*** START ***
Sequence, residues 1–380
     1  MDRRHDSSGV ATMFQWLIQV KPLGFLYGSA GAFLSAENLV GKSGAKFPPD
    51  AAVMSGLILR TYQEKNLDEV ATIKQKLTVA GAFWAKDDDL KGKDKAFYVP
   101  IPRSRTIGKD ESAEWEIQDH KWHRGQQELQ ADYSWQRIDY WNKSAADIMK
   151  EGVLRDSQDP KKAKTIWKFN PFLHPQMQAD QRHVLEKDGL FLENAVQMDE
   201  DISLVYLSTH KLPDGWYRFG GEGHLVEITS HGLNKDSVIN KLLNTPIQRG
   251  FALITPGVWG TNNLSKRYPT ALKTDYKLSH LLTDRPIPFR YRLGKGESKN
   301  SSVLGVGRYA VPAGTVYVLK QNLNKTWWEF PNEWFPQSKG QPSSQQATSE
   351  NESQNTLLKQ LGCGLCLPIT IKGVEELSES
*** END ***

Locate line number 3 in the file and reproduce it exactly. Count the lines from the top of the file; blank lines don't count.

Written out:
    51  AAVMSGLILR TYQEKNLDEV ATIKQKLTVA GAFWAKDDDL KGKDKAFYVP